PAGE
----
The early history of Europe is a history of constant invasions from the East. The peoples which think of themselves nowadays as quintessentially European—the French, the Germans, the Anglo-Saxons—all came into what we now call Europe, originally, from what we now call Asia. It was only later that invasion and conquest began to move in the opposite direction, and that Europe, an increasingly precocious and disrespectful heir to the ancient civilizations of Asia, began to march eastward, and to conquer the progenitors of its own upstart culture.

The rise of Greece, in this perspective, was made easier—perhaps was made possible altogether—by a rare intermission in the succession of great powers which usually dominated what we now call the Middle East. The polis, the city-state, the typical form of Greek society in the classical period, grew up in the position, a rare and privileged one, of freedom from the immediate shadow of an overwhelming power. Such empires, like that of Assyria, were based somewhere further east than Hellas. A power of that kind would inevitably, sooner or later, invade and conquer the Greek cities of Asia Minor, where philosophy and the scientific attitude were beginning to take their first tentative root.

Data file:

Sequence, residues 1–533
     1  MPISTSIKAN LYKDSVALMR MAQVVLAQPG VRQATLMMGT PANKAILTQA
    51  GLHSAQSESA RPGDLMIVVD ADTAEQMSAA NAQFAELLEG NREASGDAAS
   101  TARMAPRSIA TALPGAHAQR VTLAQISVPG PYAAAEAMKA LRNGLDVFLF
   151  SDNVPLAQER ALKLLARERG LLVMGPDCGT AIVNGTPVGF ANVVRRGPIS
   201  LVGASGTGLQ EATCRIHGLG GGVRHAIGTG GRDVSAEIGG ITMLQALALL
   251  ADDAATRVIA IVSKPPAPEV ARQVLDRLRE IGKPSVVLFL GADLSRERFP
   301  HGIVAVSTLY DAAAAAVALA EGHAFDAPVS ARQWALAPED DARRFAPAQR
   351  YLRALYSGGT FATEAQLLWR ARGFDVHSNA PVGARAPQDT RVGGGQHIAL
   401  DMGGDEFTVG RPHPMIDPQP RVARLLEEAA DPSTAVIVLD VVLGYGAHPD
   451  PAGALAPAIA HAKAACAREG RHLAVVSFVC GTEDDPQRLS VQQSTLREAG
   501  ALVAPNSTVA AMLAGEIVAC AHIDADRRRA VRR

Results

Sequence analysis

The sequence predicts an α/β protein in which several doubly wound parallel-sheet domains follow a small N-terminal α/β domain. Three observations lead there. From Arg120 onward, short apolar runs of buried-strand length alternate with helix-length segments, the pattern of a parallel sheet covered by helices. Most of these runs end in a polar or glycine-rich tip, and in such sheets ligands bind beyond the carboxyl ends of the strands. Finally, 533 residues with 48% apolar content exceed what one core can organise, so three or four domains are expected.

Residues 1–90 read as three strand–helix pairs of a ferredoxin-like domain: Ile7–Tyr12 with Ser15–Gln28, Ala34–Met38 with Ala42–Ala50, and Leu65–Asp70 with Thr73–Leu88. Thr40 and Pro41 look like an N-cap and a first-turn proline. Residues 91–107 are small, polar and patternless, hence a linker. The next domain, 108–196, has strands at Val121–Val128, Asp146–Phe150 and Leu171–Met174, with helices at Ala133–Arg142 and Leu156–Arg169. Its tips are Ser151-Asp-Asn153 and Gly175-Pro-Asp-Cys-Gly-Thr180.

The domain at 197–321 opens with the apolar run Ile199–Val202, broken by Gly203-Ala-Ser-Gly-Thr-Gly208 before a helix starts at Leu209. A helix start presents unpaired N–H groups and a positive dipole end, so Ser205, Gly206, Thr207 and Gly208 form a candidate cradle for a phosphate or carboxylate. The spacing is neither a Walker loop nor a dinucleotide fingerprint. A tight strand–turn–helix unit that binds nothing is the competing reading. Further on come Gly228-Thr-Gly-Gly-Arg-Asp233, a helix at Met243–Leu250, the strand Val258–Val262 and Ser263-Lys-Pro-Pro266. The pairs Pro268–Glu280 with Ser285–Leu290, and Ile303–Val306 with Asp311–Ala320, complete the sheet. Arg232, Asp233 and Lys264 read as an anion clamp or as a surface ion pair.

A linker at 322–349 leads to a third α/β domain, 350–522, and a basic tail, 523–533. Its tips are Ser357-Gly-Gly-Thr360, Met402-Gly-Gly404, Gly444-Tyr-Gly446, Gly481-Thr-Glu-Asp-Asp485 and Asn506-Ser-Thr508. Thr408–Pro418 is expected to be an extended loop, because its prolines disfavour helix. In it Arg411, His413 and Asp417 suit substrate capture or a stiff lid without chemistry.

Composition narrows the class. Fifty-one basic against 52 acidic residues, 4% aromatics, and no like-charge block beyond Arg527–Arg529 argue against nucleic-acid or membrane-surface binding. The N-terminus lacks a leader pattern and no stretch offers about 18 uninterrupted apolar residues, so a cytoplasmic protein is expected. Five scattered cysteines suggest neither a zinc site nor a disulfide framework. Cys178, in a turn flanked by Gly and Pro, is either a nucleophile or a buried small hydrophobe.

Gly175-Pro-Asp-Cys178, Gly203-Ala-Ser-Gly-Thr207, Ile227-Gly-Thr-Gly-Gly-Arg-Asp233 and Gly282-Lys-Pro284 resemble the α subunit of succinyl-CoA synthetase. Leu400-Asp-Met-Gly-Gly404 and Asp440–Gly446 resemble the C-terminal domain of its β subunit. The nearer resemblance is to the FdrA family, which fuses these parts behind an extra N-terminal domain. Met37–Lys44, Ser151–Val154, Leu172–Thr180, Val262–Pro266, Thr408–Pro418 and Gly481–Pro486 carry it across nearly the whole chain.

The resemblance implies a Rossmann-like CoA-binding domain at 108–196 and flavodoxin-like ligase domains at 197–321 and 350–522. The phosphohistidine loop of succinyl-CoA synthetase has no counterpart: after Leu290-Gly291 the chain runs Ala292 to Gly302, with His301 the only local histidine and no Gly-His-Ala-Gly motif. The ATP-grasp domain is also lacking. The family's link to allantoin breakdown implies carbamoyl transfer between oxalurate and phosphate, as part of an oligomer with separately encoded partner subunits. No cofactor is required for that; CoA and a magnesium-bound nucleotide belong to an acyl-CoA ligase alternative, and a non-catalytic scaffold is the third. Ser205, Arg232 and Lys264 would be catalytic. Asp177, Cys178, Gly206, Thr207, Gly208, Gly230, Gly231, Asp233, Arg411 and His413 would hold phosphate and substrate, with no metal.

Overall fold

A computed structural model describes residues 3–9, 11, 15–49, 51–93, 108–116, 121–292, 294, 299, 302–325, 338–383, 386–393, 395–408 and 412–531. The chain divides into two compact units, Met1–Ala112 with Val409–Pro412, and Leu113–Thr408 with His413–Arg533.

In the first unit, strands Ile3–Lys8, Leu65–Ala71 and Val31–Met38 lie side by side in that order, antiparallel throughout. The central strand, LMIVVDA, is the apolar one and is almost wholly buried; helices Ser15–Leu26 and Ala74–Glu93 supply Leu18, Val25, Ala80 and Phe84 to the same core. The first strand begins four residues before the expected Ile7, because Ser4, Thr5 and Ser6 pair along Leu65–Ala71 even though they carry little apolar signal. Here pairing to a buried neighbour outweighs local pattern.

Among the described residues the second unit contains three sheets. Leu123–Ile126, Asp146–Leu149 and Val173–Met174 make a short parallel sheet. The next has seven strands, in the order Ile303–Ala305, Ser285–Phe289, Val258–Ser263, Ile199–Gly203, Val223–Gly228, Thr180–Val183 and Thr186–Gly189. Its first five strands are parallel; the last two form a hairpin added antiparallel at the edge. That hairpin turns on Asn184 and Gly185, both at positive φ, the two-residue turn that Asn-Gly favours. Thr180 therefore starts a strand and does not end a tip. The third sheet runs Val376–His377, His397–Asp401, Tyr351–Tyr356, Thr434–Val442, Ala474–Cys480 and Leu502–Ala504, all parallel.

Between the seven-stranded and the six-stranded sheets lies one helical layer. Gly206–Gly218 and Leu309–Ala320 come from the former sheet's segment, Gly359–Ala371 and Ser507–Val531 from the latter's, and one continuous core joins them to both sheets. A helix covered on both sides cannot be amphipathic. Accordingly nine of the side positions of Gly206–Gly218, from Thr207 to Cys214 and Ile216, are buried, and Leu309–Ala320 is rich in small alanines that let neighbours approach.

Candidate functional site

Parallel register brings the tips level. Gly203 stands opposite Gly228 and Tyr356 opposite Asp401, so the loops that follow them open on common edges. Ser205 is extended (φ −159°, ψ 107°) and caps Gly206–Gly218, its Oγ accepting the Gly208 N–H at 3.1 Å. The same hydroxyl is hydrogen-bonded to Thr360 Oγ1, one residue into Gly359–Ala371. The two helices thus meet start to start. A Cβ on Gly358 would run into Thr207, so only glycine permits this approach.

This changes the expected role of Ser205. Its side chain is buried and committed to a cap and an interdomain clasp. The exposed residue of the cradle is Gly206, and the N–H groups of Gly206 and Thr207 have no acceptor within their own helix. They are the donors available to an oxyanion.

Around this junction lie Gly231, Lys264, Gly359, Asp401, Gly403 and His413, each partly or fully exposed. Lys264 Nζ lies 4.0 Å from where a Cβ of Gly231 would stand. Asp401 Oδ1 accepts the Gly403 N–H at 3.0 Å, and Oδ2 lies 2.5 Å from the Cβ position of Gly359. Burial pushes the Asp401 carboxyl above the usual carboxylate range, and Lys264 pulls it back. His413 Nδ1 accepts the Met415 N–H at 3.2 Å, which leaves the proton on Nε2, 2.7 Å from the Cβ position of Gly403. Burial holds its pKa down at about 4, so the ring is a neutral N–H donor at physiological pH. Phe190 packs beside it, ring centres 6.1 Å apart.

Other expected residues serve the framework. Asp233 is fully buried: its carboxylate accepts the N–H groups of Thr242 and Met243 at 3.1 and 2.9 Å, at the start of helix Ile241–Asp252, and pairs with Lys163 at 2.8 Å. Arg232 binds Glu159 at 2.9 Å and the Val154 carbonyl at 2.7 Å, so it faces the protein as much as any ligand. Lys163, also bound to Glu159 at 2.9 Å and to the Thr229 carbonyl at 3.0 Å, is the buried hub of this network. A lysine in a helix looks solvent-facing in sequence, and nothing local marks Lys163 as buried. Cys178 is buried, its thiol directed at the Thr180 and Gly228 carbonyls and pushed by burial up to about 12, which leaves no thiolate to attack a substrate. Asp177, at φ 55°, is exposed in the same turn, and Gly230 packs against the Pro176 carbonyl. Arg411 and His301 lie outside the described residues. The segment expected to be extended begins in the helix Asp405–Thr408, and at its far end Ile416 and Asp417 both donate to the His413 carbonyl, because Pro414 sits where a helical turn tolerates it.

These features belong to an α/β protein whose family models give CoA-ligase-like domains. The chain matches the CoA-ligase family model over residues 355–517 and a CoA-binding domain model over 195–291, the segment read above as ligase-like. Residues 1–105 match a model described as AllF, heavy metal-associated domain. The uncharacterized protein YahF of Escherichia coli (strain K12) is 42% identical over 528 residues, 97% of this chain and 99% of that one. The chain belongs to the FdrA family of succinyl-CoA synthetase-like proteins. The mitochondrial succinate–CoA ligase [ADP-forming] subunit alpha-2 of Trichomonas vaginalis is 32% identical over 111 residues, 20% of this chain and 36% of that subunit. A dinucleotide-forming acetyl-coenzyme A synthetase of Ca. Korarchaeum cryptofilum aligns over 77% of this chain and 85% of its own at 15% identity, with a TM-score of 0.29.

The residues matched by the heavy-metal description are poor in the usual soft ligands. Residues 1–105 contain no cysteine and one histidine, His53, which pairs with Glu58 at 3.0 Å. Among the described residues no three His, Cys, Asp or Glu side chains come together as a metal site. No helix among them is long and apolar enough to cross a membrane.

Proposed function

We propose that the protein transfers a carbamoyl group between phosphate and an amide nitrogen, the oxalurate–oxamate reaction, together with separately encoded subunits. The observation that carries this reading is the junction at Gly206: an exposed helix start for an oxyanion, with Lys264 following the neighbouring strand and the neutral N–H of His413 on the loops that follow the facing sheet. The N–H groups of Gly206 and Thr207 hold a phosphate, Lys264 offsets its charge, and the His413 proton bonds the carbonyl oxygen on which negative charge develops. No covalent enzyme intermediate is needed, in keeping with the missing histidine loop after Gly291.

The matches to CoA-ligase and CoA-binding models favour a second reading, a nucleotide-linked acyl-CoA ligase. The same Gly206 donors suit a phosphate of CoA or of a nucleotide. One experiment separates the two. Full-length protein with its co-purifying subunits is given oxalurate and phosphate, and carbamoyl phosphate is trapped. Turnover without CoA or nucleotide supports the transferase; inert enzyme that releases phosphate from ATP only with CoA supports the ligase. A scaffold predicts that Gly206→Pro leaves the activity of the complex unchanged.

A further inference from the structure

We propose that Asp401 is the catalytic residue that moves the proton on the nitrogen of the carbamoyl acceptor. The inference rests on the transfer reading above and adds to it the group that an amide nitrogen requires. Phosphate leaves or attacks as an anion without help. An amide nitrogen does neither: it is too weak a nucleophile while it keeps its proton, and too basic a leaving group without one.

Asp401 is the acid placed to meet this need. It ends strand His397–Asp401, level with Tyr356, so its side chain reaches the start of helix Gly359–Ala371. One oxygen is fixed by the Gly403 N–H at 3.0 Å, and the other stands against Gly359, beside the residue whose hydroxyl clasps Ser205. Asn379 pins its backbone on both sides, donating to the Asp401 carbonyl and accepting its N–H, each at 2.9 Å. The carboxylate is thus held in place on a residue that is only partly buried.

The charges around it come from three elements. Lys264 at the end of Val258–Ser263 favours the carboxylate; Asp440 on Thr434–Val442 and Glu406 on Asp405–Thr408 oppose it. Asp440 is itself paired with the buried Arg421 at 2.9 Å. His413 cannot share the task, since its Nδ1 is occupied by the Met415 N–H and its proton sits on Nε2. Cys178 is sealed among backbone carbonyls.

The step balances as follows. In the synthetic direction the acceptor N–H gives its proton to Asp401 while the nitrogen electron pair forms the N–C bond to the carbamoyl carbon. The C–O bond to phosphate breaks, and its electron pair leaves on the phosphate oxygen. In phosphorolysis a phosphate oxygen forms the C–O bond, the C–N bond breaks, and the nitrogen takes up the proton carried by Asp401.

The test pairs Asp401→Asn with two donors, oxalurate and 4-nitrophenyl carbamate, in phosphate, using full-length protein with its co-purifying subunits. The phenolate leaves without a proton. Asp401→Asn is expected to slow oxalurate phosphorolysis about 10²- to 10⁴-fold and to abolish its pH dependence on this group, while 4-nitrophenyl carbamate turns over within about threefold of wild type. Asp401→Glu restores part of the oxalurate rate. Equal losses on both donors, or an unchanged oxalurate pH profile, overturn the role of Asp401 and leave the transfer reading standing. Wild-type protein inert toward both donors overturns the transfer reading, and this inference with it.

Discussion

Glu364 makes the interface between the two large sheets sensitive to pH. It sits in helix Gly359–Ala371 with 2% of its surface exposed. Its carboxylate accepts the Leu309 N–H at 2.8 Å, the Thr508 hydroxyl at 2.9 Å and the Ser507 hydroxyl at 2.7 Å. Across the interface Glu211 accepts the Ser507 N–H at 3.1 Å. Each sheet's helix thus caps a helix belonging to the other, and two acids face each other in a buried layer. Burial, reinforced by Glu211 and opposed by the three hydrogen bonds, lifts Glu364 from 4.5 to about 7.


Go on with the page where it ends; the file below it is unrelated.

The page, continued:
As it was, the eastern Greeks encountered, in the sixth century BCE, only the rather well disposed and Hellenophile kingdom of Lydia, based in what is now northwestern Turkey, and surprisingly open to Greek art and to Greek cultural influences. The stories about the kings of Lydia go to show how close they really were to the ways, and to the ideas, of Greece. There was King Midas, of the golden touch, and King Croesus, who claimed to be the happiest man in the world, but who misunderstood an oracle and came to grief, an example for all mankind. Along with these tales we have the solid evidence of enormous Lydian offerings, in gold, at the great Greek shrine of Delphi.